Here’s what’s in it, what the President says, what Yellen says, and reasons it may not even pass the vote…
First, President Trump is in a full court press to get his first major victory before the end of the year.
Just moments ago:
As a candidate, I promised we would pass a massive tax cut for the everyday, working Americans. If you make your voices heard, this moment will be forever remembered as a great new beginning – the dawn of a brilliant American future shining with PATRIOTISM, PROSPERITY AND PRIDE! pic.twitter.com/exsBzrlCdw
— Donald J. Trump (@realDonaldTrump) December 14, 2017
Here’s how the final bill is shaping up from Zero Hedge:
- CORPORATE TAX RATE: Falls to 21 percent from 35 percent. The House and Senate bills, as well as Trump, had earlier proposed 20 percent. Going to 21 percent gave tax writers more federal revenue needed to make the tax cut immediate. U.S. corporations have been seeking a large tax cut like this for many years.
- PASS-THROUGH BUSINESSES: Creates a 20 percent business income deduction for owners of pass-through businesses, such as sole proprietorships and partnerships. The House had proposed a 25 percent tax rate; the Senate, a 23 percent deduction.
- CORPORATE MINIMUM: Repeals the corporate alternative minimum tax, which was set up to ensure profitable companies pay at least some federal tax.
- TOP INDIVIDUAL INCOME TAX RATE: Falls to 37 percent from 39.6 percent. The House had proposed maintaining the 39.6 percent top rate and condensing the current seven tax brackets to four. The Senate had proposed cutting the top rate to 38.5 percent and maintaining the seven brackets.
- PERMANENCE: The expectation is individual tax rates will snap back to current levels in less than 10 years. The individual tax rates in the House bill were permanent. The individual tax rates in the Senate bill would have expired after 10 years.
- STATE AND LOCAL TAX (SALT): Both the House and Senate had proposed scaling back a popular individual deduction for state and local tax payments by limiting it to property-tax payments and capping it at $10,000. The compromise bill is expected to keep that cap, but also allow for continued deduction of state and local income tax payments.
- MORTGAGE INTEREST: Caps the mortgage interest deduction at $750,000 in home loan value, down from the current $1 million. The House had proposed a $500,000 cap. The Senate bill left it at $1 million.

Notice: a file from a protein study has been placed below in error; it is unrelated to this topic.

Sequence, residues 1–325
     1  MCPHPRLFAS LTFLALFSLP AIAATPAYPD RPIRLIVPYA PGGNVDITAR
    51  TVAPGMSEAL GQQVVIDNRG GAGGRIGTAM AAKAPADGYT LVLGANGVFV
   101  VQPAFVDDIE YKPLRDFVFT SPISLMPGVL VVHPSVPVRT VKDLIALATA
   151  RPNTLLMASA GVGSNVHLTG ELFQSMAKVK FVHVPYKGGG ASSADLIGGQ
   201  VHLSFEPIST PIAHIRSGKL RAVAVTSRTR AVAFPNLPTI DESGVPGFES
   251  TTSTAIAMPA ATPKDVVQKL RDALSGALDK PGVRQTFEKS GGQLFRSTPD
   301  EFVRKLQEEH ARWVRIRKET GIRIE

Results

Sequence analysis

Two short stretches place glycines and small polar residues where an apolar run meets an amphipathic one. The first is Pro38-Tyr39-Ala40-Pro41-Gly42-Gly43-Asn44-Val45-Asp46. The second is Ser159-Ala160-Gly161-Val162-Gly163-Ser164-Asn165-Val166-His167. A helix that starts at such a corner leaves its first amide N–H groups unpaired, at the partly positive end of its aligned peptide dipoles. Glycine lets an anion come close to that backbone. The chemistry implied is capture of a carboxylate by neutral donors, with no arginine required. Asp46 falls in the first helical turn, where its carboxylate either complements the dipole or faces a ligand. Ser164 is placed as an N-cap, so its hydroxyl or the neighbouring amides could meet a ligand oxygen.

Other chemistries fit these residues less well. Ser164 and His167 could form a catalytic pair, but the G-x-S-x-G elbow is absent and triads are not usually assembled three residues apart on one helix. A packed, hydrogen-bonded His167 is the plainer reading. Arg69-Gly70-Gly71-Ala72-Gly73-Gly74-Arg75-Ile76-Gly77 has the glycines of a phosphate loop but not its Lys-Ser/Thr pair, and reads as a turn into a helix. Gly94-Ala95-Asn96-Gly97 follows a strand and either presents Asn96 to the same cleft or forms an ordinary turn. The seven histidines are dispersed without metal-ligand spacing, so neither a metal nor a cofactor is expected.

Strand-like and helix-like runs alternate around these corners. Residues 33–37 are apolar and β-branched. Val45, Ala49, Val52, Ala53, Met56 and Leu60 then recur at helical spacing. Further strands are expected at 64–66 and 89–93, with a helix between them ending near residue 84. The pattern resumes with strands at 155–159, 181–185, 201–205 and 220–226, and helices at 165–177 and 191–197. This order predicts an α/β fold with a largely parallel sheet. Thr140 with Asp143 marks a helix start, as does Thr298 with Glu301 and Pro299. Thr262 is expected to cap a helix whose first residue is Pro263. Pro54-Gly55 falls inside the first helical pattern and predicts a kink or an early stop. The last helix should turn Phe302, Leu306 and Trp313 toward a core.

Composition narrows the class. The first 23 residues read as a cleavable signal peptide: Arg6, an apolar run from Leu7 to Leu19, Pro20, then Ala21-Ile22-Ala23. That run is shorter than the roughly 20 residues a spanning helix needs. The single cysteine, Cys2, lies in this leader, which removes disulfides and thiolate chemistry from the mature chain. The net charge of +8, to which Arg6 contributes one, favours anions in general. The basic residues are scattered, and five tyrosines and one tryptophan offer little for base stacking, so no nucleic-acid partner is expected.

- ESTATE TAX: Roughly doubles the exemption from the federal estate tax on inherited assets to about $11 million, but leaves the tax in place, mirroring the Senate proposal. The House bill had raised the deduction, but also entirely phased out the tax.
OBAMACARE MANDATE: Repeals a federal fine imposed on Americans under Obamacare for not obtaining health insurance coverage. The House bill did not repeal the Obamacare individual mandate.
ANWR DRILLING: Allows oil drilling in Alaska’s Arctic National Wildlife Refuge. The provision was sponsored by Republican Senator Lisa Murkowski of Alaska.
Here’s Michael Snyder discussing potential “no” votes that could block the tax bill’s passage in Congress:
Sadly, it is not a slam dunk that this bill will actually get through the Senate.
Senator Bob Corker voted against the original Senate bill, and he may vote against this version too.
Ron Johnson of Wisconsin and Susan Collins of Maine have also expressed reservations about this bill, and it is unclear how they will vote at this point.
And let us not forget that Senator John McCain’s health is rapidly failing. Hopefully he would be present for any vote, but there is no guarantee that will happen.
In the end, Republicans can only lose two votes in the Senate, and so this is going to come down to the wire.
Yesterday we put out a piece about the lofty projections from the Treasury Department. To say the projections are lofty is an understatement.
Finally, here’s what outgoing Federal Reserve Chair Janet Yellen has to say about the tax cuts during her press conference yesterday.